These alternations in factor combinations as a result of changes in price are known as factor price effect or simply price effect. This effect is partly due to output effect (greater use of an input as higher level of output is produced) and partly due to technical substitution effect (costly input being replaced by a relatively cheaper one depending upon the elasticity of substitution between the two factors, a concept, the discussion of which just follows).

By joining various points of equilibrium like ‘E’, ‘F’ and ‘G’ in Fig. 7.14, we get a curve called price factor curve (PFC). The price factor curve may slope upwards or downwards to the right depending upon whether fall (or rise) in the price of factor ‘X’ causes increased (or decreased) purchase of the factor ‘X’ and decreased (or increased) purchase of factor ‘Y’ in the two cases respectively and vice-versa.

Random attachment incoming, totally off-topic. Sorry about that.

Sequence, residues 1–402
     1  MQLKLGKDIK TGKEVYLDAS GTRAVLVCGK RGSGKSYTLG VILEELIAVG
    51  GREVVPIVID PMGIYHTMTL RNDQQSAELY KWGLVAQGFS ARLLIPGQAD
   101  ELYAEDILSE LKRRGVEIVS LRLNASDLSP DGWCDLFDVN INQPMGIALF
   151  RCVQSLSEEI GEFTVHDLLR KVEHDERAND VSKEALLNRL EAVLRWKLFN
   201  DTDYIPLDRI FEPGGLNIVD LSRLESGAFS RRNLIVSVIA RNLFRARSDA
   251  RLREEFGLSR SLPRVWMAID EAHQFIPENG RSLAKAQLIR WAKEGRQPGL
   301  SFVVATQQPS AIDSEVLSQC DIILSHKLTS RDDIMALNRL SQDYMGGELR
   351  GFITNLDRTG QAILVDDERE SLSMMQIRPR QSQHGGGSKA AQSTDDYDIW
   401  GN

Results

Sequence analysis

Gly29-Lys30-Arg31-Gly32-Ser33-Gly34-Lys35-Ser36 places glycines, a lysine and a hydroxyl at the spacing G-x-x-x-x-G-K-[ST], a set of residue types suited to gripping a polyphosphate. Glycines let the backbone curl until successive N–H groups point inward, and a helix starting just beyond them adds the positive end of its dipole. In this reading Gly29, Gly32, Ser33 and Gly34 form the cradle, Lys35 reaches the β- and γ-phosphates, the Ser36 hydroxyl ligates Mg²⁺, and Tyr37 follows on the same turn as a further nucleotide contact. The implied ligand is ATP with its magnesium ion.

The analysis of the distribution of the two effects, i.e., output effect and technical substitution effect is quite analogous to the distribution of price effect under indifference curve analysis between income and substitution effects.

In Fig. 7.15, the total effect of a fall in the price of factor ‘X’ is shown by a movement from point ‘E’ to point ‘F’ which has caused a rise in the employment of factor ‘X’ and an uncertain rise in the employment of factor ‘Y’.

If output is held constant at the original level by nullifying the output effect through an appropriate decline in outlay, the producer would reach at point ‘G’. Now, the movement from point ‘E’ to point ‘G’ is called the technical substitution effect, while the movement from point ‘G’ to point ‘F’ is called the output effect.

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